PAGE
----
Symmetry In Composition


Watercolor Painting by Dennis Pendleton. This is a painting from my large floral series and it is 40 x 60 inches. Working on a composition that large in watercolor can be a real challenge because the paper buckles and you need a very large flat surface to work on. I had to learn different ways to manipulate the brush and I used weights to hold down the sections that I was working on. I found myself getting lost in different areas as I worked out designs and actually forgot that I was painting flowers.

The white petals are unpainted white paper with some light washes of blue, violet, and yellow green. Getting every passage to work well with all the other areas throughout the painting is daunting in a work this size and it is also fun as my mind moves in and out of the colors, values, shapes, and edges. The deep colors that fade into the background are mixtures of ultramarine blue, olive green, perylene green, and cerulean blue.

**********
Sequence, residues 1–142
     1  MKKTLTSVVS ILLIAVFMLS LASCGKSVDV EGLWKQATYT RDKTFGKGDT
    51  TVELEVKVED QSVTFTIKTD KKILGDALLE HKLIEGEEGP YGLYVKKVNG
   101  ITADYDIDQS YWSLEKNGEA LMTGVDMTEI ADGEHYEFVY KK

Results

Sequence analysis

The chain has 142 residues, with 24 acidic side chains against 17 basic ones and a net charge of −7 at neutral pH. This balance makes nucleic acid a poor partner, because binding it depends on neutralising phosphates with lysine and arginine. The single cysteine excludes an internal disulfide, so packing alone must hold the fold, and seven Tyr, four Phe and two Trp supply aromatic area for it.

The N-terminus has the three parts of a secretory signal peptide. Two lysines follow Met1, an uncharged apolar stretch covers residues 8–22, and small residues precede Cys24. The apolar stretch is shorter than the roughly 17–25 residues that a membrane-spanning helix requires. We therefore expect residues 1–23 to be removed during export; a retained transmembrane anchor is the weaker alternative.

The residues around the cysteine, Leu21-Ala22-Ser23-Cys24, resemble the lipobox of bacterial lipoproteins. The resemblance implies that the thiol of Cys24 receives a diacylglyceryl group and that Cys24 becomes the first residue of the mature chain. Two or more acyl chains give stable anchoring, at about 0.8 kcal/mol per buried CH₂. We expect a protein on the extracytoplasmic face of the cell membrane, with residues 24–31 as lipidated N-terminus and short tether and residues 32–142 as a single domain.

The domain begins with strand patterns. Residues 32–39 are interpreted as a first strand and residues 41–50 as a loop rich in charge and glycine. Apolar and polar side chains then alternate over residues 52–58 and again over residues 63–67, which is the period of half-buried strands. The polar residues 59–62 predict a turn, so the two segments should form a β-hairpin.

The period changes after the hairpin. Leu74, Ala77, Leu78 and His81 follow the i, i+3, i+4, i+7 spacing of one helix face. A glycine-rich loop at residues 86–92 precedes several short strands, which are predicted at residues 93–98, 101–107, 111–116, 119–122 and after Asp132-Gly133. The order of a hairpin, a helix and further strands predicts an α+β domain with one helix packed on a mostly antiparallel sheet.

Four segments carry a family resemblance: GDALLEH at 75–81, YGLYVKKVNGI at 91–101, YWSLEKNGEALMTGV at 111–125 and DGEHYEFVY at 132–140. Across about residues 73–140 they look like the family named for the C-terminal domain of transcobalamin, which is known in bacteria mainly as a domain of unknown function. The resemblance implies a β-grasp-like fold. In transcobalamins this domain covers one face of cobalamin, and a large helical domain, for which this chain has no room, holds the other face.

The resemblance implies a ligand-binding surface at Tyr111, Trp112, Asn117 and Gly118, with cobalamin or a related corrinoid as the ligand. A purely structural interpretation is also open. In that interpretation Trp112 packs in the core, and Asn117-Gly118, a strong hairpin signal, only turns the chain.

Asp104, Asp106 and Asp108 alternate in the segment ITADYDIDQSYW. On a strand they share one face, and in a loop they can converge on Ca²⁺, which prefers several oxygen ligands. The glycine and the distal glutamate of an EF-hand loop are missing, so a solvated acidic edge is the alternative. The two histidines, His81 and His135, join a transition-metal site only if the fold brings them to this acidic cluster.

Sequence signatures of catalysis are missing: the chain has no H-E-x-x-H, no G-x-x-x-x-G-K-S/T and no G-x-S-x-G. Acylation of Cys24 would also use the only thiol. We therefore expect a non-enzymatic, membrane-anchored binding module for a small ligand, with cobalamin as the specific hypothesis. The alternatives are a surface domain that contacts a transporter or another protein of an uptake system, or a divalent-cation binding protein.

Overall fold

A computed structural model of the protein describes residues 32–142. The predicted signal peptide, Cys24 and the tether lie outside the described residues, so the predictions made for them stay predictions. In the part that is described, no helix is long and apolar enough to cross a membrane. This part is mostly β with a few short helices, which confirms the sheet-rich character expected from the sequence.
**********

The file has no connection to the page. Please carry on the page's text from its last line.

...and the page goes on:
This is a symmetrical composition where the two iris balance each other and create harmony. They are not mirror images of each other but rather two different flowers that have a lot in common like size, and colors. Placing the one on the right behind a bud gives more importance to the one on the left. The more you look at these two iris the more you realize how different they are in spite of their commonalities. This holds the viewers eye in the painting where there is a lot to explore. One of my ideas for doing these large florals is to draw the viewers in where they can get lost as if they were walking around in a jungle. I have always admired how Henri Rousseau did this in his paintings and, although our styles are quite different, I have learned a lot from studying his work.

I started this large floral series because I knew that working on this scale would force me to learn some new techniques. I had no idea the frustrations and rewards that I continue to experience as I return to this series from time to time. As the days grow longer and the spring temperatures arrive I look forward to finding by next subject for this series. Happy Painting! Dennis Pendleton


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